Peter: So he waited for God to act?

Jesus: Yes, because God has to establish His kingdom.  We humans can’t do it ourselves.  Our place is to wait for God to act.

Peter: So why didn’t you hide out in the desert, like David, and wait for God to act against the evil authorities?

Jesus: Well, first, it would take forever.  There’s always a new High Priest, always new Pharisees, always another Herod, another governor appointed by the Emperor.  Also, there needed to be decisive proof that these authorities were evil.  They needed to all be complicit in the worst deed a God-appointed authority can do.

Peter: (Guessing) Sexual immorality?

Jesus: Worse than that.

Peter: Umm… (Thinking for a minute). Taking a bribe?

Jesus: Do you want me to tell you?

Peter: Sure.

Jesus: Killing an innocent citizen.

Peter: (Incredulous) Really?  These guys have done that for years!   Blood drips from their hands!

Jesus: That’s true.  But now they have gone that extra step—they have killed God’s chosen one.  They have killed the Messiah, the Son of God.  Every life is worth a world.  But the stirring of God’s ire against them is rising into a flood of wrath.  They prove themselves to be the anti-David, more than willing to destroy God’s chosen if it is politically convenient.  They have proven, decisively, that they are unworthy to lead God’s people.  That they need to step aside.

Peter: Is that why you are resurrected? 

Jesus: Among other reasons.  It is true.  I was sent to dark Sheol, where those who have been declared guilty go.  But my case was given before the final Judge of heaven and earth, and he decided to overturn the verdict of the Pharisees, of the Council, of Herod and of Pilate.  They declared the very innocent one to be guilty, and so their sentence was reversed.  And I was brought back.

Peter: So now, now is the time? Now God will take them out, and destroy them?

Jesus: No.  Our political campaign isn’t over.

Peter: What do you mean?  We’ve done the work.  You paid the ultimate price.  It’s time to end this and establish your kingdom.

Jesus: You are right.  It is time for God’s reign through me to begin.  And I will go and take this kingdom up very quickly.

Peter: (Standing up in excitement)  Well great!  I’ll call the others over and we’ll gather all the followers back and we will take over Jerusalem…

Jesus: (Laughing out loud)  Peter, you know I love you, right?

Peter: (Eyes like slits)  I hate it when you do that.  You make me look like an idiot.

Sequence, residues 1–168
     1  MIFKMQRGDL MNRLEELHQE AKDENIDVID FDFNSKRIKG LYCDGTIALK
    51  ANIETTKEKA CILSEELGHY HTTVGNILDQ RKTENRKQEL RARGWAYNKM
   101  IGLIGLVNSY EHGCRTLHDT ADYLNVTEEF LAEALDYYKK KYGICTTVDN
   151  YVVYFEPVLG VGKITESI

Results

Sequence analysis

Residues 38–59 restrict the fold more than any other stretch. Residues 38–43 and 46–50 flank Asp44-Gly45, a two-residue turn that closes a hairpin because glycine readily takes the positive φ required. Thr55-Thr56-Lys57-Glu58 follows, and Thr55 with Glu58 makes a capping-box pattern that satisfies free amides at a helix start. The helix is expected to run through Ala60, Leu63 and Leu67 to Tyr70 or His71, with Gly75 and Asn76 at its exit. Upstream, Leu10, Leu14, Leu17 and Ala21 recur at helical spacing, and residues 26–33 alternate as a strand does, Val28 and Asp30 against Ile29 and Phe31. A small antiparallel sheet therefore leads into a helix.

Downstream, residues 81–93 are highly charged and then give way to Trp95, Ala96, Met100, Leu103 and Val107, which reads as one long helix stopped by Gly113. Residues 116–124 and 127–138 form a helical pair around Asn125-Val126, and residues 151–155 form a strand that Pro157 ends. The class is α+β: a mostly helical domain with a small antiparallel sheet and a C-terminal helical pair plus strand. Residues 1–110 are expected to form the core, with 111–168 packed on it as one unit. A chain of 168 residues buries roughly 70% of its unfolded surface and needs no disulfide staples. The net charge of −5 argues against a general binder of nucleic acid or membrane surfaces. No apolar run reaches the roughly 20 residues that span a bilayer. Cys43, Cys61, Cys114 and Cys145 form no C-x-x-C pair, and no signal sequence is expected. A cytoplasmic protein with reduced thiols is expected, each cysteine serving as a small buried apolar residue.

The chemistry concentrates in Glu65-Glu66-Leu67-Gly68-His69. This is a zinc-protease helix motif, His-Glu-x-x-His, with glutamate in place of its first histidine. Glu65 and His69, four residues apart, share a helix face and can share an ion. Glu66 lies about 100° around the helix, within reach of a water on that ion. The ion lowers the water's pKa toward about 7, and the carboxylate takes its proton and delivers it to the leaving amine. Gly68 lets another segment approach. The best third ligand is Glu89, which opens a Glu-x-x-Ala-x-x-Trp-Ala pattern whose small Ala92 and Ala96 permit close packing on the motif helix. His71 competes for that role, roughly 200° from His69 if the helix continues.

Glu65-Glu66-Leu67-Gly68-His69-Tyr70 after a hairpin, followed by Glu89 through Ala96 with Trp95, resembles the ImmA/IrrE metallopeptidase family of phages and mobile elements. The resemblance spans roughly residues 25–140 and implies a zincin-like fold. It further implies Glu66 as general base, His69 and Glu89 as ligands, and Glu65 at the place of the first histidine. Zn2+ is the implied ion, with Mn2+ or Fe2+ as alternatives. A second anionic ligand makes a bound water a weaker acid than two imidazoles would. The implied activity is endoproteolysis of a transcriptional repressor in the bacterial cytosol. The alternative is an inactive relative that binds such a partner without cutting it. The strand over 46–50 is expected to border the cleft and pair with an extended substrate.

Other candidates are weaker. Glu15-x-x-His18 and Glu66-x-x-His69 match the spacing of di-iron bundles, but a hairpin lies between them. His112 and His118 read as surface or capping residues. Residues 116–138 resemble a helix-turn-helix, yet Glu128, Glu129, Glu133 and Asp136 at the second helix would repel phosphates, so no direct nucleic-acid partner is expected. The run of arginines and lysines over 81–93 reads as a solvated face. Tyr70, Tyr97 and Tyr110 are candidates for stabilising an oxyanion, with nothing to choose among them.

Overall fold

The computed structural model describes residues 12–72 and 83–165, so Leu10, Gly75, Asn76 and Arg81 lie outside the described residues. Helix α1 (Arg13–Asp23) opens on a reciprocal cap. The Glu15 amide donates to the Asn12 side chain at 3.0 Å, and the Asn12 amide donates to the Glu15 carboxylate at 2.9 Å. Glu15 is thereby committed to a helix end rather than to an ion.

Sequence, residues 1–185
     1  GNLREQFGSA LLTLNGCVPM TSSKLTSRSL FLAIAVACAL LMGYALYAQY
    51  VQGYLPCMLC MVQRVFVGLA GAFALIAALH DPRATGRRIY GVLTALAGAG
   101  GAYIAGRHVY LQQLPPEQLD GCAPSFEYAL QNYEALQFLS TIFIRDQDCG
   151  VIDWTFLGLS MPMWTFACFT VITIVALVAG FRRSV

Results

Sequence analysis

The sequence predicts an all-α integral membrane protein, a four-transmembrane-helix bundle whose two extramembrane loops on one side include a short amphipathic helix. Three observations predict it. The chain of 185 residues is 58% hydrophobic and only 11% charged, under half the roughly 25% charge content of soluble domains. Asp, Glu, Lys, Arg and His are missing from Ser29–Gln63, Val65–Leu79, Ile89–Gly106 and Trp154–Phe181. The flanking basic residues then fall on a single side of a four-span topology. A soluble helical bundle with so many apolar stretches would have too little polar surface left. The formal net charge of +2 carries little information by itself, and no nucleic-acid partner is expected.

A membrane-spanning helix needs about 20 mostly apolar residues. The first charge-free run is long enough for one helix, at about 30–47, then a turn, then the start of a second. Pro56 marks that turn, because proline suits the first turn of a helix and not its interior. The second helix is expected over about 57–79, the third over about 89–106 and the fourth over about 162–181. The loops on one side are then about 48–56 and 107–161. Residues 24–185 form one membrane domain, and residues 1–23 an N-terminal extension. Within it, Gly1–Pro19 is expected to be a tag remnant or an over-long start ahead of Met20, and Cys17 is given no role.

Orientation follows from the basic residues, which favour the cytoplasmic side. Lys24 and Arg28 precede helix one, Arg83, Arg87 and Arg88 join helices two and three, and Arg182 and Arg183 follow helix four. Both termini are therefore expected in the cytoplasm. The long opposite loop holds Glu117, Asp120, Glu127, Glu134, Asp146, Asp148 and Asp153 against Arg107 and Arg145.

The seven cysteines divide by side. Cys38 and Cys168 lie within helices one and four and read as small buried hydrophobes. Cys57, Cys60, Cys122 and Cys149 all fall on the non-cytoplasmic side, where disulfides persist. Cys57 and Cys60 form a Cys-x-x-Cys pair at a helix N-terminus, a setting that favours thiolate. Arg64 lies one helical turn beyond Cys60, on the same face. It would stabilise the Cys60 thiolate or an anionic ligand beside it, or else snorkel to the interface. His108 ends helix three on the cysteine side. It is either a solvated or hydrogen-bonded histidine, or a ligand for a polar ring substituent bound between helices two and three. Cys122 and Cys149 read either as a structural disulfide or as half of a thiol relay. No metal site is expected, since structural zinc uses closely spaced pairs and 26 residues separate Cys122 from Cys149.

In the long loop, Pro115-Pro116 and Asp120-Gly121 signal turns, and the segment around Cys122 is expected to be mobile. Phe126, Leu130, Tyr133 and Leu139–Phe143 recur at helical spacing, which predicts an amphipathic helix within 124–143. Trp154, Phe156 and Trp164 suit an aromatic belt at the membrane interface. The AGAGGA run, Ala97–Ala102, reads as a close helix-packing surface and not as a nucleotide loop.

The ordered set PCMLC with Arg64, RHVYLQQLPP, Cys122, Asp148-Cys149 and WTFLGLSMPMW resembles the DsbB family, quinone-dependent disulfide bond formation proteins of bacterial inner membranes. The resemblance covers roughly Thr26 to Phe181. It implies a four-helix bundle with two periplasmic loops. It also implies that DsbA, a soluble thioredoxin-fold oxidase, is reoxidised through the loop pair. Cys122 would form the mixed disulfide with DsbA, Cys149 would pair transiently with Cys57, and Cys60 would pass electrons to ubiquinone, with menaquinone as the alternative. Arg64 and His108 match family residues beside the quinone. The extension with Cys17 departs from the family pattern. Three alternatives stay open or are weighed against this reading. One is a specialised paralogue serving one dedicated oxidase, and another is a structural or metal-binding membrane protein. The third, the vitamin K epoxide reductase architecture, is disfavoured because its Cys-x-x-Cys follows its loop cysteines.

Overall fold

Jesus: (Slyly) I’ve never had to do that, Peter.  Why do you think I named you “rock”?  No, this dirty, unholy Jerusalem is not where I will receive God’s kingdom.  You think the Father will come down here and hand me this mess?  My kingdom is not of this world.  I must receive it elsewhere.

Peter: (Eyes tearing up, delving into the waters of mourning he had just released. ) You go to the Father?  You will leave us again?  Can’t you take us with you?

Jesus: No, Peter, I can’t.  I will go to heaven and try to repair the world from up there.  But the work you will do is just as difficult.

Peter:  (Tears dripping down his face.) Great.

Jesus:  Peter, it’s okay.  I’ll make sure you are ready.  You’ll have enough time to mourn and to be prepared, I promise. 

Peter: What is this work?

Jesus: You know that I forgave all the authorities that killed me.  I want you and your fellows to go to them all and give them an opportunity to repent and to be a part of my kingdom.

Peter:  How does one become a part of your kingdom, Lord?

Jesus: Same as always, Peter.  Turning away from the nations of this world, even Judea and the priesthood, and taking on the rite of immigration to my kingdom-- being baptized in my name.

Peter: The authorities would never do that. 

Jesus: Probably not.  But some will surprise you.  Even Gentiles, even oppressors of our people, will come into my kingdom. 

Peter: Yeah, sure.  We won’t even get an audience with the Council or Pilate or Herod, let alone the emperor.  No one will listen to us.

Jesus: You’ll see.  Tell them of my resurrection.

Peter: Couldn’t you do this yourself, Lord?  We’ll talk with them, but it would be much more convincing if you show yourself, alive and glorious, ready to rule God’s kingdom.

Jesus: Then they might hesitate to show who they really are.

Peter: What do you mean?  How do they do that?

Jesus: They are killers of the innocent.  And even if I have forgiven them, many of them will refuse to repent and continue to kill the innocent.  Once they have made their final refusal, then God will step in and take them out.

Peter: Wait… you are talking about us, aren’t you?

Jesus: Yes.  I will send to them apostles and prophets and they will kill you.  You will go to kings and judges and priests and emperors and they will show you who they really are.  And God will then judge them according to their actions.

Peter:  So when you said to take up your cross…

Jesus: I meant it literally.  It is the only way to establish my kingdom on earth.  And when I come, you, in full resurrected splendor, will reign with me as well as all your companions who were rejected by this world by enacting the mercy and grace and compassion of God.

Peter: Well, that’s a tall order.

Jesus: Yes, it is.  Few will be able to accept it.  But I have confidence in you.

Peter: But I’m not worthy.  How do you know that I won’t deny you again?  I’m already broken, fallen.

Jesus: Yes.  I know.  But I have confidence in you, Peter.  In all of you.  As broken as you are, that’s just how strong God will make you for this work.